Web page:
There are lots of good reasons to eat soup during January, National Soup Month. Soup warms the body during the cold days of January and February, but it also warms the heart and soul.
It's simple, and it's the ultimate comfort food - always a …
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It's simple, and it's the ultimate comfort food - always a welcome change after the holiday frenzy. And for those who made New Year's resolutions to eat lighter, soup can be a healthy, guilt-free answer to the question, "What's for supper?"
Here are some ideas for making your soup recipes healthier:
- Make sure you're using low-sodium broth or bouillon cubes; otherwise, you'll add a considerable amount of sodium to your recipes.
- Instead of using cream for cream soups, consider adding pureed white beans, mashed potatoes or silken tofu. These ingredients add a creamy texture without all the saturated fat of real cream. Or simply substitute fat-free milk.
- Wherever possible, add more vegetables or beans to your soup recipes or even to canned soups. These foods add variety, color and texture along with fiber and important nutrients.
- When purchasing canned soups, select those that are lower in sodium per serving. Ideally, it's good to choose canned soups that have about the same number of calories and milligrams of sodium. For example, if a serving of soup has 100 calories, it should have only 100 to 200 mg of sodium. Most national brands contain 600 or more milligrams of sodium for that amount. It pays to read the label. You can offset this by adding rice, pasta or potatoes.
If your favorite accompaniment to soup is a grilled cheese sandwich, use whole-grain bread and low-fat or fat-free cheese.
Because resolving to live a healthier lifestyle is a lot easier than actually putting your resolutions to practice, it's a good idea to look for help and encouragement wherever you can find it when preparing your soup meals. One place to look is a housewares store, kitchen shop or chef's catalog because buying just a few pieces of low-cost kitchen equipment can help you prepare healthier meals. Here are some ideas:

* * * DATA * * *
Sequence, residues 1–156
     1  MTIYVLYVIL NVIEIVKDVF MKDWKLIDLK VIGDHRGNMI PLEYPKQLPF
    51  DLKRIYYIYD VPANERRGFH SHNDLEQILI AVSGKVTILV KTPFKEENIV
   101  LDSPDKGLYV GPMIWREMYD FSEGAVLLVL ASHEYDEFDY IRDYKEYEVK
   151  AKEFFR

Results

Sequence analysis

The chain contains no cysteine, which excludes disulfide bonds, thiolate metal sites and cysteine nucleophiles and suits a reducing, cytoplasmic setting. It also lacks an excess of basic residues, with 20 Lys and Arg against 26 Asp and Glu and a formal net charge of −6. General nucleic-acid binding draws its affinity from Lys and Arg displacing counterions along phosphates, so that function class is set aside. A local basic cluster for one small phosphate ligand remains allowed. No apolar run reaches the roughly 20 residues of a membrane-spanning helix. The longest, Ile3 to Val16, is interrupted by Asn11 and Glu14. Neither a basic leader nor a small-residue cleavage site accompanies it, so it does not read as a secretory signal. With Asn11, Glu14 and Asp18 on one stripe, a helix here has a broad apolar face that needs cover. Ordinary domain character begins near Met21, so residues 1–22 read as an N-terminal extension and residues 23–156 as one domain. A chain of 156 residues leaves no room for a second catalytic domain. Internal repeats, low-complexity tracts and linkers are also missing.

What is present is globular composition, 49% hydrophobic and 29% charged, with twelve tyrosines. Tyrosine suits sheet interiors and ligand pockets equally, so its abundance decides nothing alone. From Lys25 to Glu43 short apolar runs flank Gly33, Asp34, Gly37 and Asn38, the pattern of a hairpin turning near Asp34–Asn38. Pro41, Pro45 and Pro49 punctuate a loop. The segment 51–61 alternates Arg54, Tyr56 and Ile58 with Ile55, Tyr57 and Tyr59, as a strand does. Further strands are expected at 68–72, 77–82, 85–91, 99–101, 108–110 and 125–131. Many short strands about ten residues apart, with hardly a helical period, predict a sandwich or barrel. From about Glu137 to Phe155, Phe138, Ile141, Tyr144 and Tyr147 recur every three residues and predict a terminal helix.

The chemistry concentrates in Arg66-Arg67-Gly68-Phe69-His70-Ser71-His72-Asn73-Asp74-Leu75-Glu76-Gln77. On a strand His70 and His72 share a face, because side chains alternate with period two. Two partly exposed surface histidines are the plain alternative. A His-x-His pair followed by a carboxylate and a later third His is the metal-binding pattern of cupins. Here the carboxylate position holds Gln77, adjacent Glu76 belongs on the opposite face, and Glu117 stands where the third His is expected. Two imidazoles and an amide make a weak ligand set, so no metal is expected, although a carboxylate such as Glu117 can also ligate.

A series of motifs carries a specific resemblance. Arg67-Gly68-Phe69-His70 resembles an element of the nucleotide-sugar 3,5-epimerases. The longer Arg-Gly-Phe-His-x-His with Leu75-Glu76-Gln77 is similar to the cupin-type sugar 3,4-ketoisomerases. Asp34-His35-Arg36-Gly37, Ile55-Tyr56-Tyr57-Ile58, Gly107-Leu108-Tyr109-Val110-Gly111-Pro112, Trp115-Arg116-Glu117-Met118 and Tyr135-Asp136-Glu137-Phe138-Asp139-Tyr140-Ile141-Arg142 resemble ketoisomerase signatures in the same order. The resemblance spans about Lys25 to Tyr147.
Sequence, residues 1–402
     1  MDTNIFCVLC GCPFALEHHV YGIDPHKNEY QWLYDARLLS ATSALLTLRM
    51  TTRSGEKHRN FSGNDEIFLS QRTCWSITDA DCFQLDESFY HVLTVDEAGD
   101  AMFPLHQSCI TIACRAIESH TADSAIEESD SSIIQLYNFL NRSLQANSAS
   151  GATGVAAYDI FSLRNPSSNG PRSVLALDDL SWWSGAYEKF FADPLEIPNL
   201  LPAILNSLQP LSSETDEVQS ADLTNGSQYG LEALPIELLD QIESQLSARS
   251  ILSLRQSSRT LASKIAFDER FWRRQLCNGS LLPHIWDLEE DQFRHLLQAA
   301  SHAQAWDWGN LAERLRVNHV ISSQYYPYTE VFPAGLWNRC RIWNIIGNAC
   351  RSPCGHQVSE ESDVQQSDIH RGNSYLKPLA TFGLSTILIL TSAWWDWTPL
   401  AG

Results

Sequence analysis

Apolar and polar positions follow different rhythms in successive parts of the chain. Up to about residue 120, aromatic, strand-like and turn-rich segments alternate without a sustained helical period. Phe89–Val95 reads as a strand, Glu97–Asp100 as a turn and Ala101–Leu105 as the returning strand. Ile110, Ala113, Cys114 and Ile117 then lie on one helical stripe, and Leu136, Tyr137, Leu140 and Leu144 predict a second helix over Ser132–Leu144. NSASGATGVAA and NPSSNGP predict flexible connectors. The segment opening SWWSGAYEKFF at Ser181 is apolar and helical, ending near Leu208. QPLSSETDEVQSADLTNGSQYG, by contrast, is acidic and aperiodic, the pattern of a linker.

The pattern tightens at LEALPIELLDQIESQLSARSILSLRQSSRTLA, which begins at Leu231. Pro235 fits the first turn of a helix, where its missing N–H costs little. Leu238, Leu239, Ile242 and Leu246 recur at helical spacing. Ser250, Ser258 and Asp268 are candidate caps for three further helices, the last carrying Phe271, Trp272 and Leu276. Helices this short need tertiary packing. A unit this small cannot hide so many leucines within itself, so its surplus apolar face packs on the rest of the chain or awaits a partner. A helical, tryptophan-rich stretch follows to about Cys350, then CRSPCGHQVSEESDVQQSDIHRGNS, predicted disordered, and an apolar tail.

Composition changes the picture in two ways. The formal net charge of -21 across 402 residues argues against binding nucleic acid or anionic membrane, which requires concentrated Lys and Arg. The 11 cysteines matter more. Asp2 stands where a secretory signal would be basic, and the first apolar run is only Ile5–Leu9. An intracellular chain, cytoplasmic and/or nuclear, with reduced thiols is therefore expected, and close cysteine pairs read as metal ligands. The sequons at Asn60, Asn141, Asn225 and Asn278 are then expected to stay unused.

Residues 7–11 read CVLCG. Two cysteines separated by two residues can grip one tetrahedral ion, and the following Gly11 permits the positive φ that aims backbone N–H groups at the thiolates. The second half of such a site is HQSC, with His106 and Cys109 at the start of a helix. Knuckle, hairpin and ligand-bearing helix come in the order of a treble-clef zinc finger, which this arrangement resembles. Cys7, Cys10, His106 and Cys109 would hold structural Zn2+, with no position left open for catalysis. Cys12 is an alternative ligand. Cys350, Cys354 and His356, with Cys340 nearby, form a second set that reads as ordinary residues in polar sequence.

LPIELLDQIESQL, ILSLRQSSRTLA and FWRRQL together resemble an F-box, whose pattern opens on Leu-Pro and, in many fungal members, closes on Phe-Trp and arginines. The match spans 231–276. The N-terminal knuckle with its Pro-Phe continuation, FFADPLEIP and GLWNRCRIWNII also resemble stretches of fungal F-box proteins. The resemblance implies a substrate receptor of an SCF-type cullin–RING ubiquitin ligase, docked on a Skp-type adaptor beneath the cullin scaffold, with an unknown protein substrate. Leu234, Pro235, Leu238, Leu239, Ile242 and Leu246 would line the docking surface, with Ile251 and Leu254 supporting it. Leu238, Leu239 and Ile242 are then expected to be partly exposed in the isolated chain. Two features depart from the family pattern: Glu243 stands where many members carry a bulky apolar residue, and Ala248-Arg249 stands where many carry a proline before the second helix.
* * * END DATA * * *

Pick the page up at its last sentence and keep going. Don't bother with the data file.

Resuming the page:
- When preparing meals with non-stick pans, you can reduce the amount of oil needed for cooking. Then use a vegetable oil spray rather than bottled oil needed for cooking to reduce calories from fat.
- Remember, too, that along with healthier food choices, adding or increasing physical activity is an important component of living a healthy lifestyle. Simply walking for 30 minutes five days a week will help you trim your physique and provide some weight-bearing exercise that bones need.
Here are two recipes for the winter months:
(8 servings/ 1 cup-serving size)
6 cups low-fat, low sodium chicken broth
1 1/2 pound boneless, cooked chicken breast
2 large onions, chopped
2 cups cut okra
4 cups fresh chopped tomatoes or 32 ounces of canned tomatoes
1 cup lima beans
2 medium potatoes, diced
1 cup frozen corn
1 teaspoon salt, ground pepper and sugar
Combine all ingredients in a large stockpot and simmer, uncovered, until the vegetables are tender, about 25 minutes.
Black-Eyed Pea Soup
(10 serving / 1 1/2 cup serving size)
1 lb. dried black-eyed peas
4 slices bacon, chopped in 1-inch pieces
1 medium onion, chopped
1 cup celery, chopped
1 tablespoon flour
2 quarts of water
1 medium tomato, chopped
1 small dried red pepper
2 cloves garlic, minced
Sort the black-eyed peas and wash well. Place in a large stockpot, cover with water, and bring to a boil. Boil for 2 minutes. Cover and let soak overnight.
Fry the bacon in a nonstick sauce pan until crisp. Remove the bacon and drain well on paper towels. Discard the pan drippings.
Saute the onion and celery in the same saucepan until they are translucent. Remove them from the pan and set aside. Next, brown the flour in the pan, stirring constantly until it is golden brown.
Drain the black-eyed peas. Add all ingredients to the stockpot and cook over low heat about 2 1/2 hours or until the peas are done, stirring occasionally.
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